Underestimated and under diagnosed, senior drug misuse and abuse means older adults don’t get the help they need.

seniorMore than 80 percent of seniors age 57 to 85 use at least one daily medication, and more than half take at least five medications or supplements daily, reports The National Institutes of Health (NIH). These older adults are more likely to use long-term prescriptions, use medication improperly, or use another’s medication to save money. All increase the risk of bad drug interactions.

Older adults are in danger of misusing and abusing drugs, particularly by accident. Their bodies have trouble metabolizing drugs. Some medicines they use don’t mix well with other prescribed medications, over-the-counter drugs and herbal remedies. And according to the Food & Drug Administration (FDA), highly addictive drugs for anxiety, pain and insomnia often are prescribed for them.

Possible Causes, Likely Symptoms

Life changes can lead to dependency on drugs (and even alcohol):

  • Retirement, loss of income or financial strain
  • Death of a spouse, family member, close friend or pet
  • Loss of mobility, relocation or nursing home placement
  • Family conflict
  • Mental health decline such as depression, stress and memory loss
  • Physical health decline due to major surgeries and pain

Unfortunately, symptoms of dependency often mimic those of actual diseases and conditions, such as diabetes, dementia or depression, or aging itself, the FDA advises.

Treatment and Prevention

Older adults don’t always realize the risks of drug interactions, may be reluctant to admit a problem or ask for help. If family and friends recognize what’s going on, they may not want to intervene—or believe seniors are less likely to benefit from treatment, or that it’s a waste of resources to try.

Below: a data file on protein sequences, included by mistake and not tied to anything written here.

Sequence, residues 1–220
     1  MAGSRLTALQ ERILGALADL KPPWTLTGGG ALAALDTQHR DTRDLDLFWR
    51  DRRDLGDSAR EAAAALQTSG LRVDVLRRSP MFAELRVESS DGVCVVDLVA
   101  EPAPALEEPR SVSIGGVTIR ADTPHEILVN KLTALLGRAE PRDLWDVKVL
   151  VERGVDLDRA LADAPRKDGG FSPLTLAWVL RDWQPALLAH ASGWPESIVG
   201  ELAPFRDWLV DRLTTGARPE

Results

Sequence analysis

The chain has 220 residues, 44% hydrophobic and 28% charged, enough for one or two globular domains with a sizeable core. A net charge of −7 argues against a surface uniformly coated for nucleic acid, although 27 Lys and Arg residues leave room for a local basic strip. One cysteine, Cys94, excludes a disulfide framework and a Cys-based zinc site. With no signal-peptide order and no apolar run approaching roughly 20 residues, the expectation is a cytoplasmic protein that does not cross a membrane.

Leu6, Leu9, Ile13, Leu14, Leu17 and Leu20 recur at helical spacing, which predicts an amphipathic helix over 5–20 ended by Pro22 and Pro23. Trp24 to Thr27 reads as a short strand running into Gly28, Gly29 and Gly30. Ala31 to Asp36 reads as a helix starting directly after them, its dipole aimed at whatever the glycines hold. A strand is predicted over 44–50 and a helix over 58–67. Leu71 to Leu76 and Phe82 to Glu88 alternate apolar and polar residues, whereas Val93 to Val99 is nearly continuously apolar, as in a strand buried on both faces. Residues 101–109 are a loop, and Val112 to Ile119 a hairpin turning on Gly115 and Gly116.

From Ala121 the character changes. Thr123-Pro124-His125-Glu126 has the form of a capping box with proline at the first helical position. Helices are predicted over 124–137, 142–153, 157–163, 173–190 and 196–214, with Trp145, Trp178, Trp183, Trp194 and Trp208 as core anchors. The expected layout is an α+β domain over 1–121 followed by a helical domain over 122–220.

A family member or friend may need to accompany a senior on doctor visits, organize the older adult’s prescriptions and monitor his or her daily regimen. Abuse may require detoxification, counseling to change unhealthy thinking patterns, and medications to counter the effects of other drugs or relieve withdrawal symptoms—not to mention ongoing support to recover fully.

Prevention is key:

  • Manufacturers can develop safe, effective and non-addicting pain medications.
  • Doctors can spend more time with patients, look for symptoms, notice increases in amounts and frequency of refill requests, and watch for patients who change providers to get prescriptions they want.
  • Pharmacists can help patients understand instructions for medications and watch for prescription falsifications or alterations.

With the help of family and friends, seniors can:

  • Inform doctors about all prescriptions, over-the-counter medicines, vitamins and dietary and herbal supplements.
  • Ask questions about potential interactions with other drugs and alcohol.
  • Follow pharmacist and label directions.
  • Store medications safely.
  • Get rid of unused or expired medications.

Editor’s remarks: DL MoneyMatters and A Caring Choice may from time to time exchange articles for publishing to our respective audiences. We welcome your feedback and hope that you share it with your friends and colleagues who have an interest in topics related to personal finance and senior care.

Amended Bill to Protect Seniors

The vast majority of cases of abuse, neglect, and exploitation of older adults in the United States go unidentified and unreported. Not less than $2,900,000,000 is taken from older adults each year due to financial abuse and exploitation. Elder abuse, neglect, and exploitation have no boundaries and cross all racial, social, class, gender, and geographic lines. Older adults who are abused are 3 times more likely to die earlier than older adults of the same age who are not abused. Up to half of all older adults with dementia will experience abuse.